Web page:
Fully Vaccinated PeopleBy Melissa A. Yasinow & Rob Gilmore

On March 8, 2021, the CDC issued its first set of Interim Guidelines for fully vaccinated people, recommending how they can have social gatherings and what they need to do if they are exposed to COVID-19. “Fully vaccinated people” are those who are at least two weeks out from their second dose of the Moderna or Pfizer vaccines, or from their only dose of the Johnson & Johnson vaccine. Although the CDC’s Interim Guidance is not mandatory, it is the first glimpse of a post-pandemic future and a clear incentive from the federal government for vaccination.  

How Fully Vaccinated People Should Visit With Others 

The CDC’s recommendations are for small, private gatherings only, and they are based upon whether everyone is fully vaccinated or not. The CDC still does not recommend “medium” and “large” private gatherings, but it does not define what a “medium” or “large” gathering entails. 

  • If everyone in the group is fully vaccinated, then everyone can meet indoors and without masks or social distancing.  
  • If there are unvaccinated people from a single household in the group, and the unvaccinated people are not at risk of severe COVID-19, then everyone can meet indoors and without masks or social distancing. For example, grandparents who are fully vaccinated may visit their unvaccinated grandchildren indoors and without masks, provided that none of the grandchildren are in an at-risk group.  

In all other scenarios, masks, social distancing and ventilation should be used. This includes multi-household gatherings where some people are not fully vaccinated, even if none of the unvaccinated people are high-risk for severe COVID-19. 

When in public, everyone should continue to wear masks, socially distance themselves, wash hands and, if possible, meet outside. Also, the CDC is not updating its travel recommendations at this time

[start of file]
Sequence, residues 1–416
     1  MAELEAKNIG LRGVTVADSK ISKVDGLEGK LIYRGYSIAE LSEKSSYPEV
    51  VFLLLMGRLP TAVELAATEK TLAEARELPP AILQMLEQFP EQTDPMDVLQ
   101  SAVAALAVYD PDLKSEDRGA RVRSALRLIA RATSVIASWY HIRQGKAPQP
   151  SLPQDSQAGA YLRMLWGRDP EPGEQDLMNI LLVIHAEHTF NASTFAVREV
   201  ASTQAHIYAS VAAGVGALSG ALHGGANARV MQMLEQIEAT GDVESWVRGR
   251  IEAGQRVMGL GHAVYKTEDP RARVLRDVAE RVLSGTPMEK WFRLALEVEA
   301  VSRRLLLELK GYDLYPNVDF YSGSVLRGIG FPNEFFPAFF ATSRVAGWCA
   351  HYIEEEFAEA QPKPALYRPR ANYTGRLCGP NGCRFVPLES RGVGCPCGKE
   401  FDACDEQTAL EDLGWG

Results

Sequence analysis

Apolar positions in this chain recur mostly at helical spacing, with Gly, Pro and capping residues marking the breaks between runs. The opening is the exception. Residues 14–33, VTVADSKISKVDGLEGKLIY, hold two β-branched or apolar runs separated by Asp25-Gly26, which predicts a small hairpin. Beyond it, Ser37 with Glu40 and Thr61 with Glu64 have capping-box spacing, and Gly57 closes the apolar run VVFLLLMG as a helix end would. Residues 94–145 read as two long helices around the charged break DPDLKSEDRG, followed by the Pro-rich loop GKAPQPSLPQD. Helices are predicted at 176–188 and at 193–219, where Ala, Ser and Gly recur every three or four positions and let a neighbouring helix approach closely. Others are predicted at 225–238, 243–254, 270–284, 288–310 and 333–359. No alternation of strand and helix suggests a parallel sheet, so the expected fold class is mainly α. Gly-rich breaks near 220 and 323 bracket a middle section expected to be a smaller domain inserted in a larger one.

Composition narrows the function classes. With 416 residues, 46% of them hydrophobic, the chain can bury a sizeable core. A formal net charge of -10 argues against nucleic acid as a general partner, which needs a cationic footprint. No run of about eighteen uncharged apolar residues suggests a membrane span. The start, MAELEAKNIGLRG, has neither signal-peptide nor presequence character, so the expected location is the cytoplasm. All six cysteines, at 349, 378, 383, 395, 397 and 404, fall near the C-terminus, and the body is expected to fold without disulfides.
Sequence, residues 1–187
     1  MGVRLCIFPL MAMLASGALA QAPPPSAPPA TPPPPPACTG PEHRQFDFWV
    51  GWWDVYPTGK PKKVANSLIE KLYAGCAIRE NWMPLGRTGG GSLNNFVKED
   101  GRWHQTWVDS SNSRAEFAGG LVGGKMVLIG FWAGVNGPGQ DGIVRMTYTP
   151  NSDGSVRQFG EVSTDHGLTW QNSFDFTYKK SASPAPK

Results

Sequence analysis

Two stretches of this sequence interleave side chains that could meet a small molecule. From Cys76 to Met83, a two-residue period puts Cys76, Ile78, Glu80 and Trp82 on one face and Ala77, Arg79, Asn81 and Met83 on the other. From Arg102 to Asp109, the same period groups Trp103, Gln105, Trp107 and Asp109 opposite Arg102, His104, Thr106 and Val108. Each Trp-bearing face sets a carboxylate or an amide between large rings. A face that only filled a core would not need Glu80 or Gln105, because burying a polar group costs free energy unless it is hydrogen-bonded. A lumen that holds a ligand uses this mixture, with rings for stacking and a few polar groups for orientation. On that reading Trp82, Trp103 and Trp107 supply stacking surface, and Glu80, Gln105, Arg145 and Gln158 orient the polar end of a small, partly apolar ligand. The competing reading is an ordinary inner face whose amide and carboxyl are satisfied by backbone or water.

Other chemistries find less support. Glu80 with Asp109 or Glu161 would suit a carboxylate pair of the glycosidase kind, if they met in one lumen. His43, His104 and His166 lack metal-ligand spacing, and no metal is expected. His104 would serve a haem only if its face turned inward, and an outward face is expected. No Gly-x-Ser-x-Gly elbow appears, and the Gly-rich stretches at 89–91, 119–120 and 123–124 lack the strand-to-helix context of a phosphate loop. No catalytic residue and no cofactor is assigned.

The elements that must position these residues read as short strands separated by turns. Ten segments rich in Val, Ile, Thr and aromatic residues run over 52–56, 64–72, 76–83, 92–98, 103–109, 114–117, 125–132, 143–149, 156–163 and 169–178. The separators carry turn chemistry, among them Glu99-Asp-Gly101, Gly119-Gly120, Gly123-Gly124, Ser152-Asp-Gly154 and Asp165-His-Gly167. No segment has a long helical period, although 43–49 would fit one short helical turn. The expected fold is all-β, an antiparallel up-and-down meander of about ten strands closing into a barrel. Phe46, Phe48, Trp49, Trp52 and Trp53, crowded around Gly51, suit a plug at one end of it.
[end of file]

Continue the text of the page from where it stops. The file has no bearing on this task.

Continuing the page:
Isolation, Quarantine and Testing Recommendations for Fully Vaccinated Employees 

Fully vaccinated people are at low risk for contracting COVID-19. What they should do if they have been exposed to COVID-19 depends on whether they have symptoms, or live or work in high-density settings. 

  • If a fully vaccinated person is exposed to COVID-19 but does not experience any symptoms, then they do not need to quarantine or be tested. However, they should still monitor for symptoms. 
  •  If a fully vaccinated person starts to develop COVID-19 symptoms at any point, then they should isolate themselves and be clinically evaluated by their healthcare provider for possible testing and treatment 
  •  Fully vaccinated residents of non-healthcare congregate settings (such as those in group homes or correctional facilities) should continue to quarantine for 14 days and be tested if they have been exposed to someone with suspected or confirmed COVID. 
  • Fully vaccinated employees of non-healthcare congregate settings or high-density workplaces (such as correctional officers or meat processing plant workers) do NOT need to quarantine if they do not have symptoms following potential COVID-19 exposure. However, testing and workplace screening programs are recommended.   

Masks, social distancing, handwashing and ventilation remain recommended in all workplace settings. 

If you have any questions about the CDC’s new Interim Guidelines on fully vaccinated people and how they impact you, please contact Rob Gilmore at rsg@kjk.com or 216.736.7240Melissa Yasinow at may@kjk.com or 216.736.7205, or any of our Labor & Employment professionals.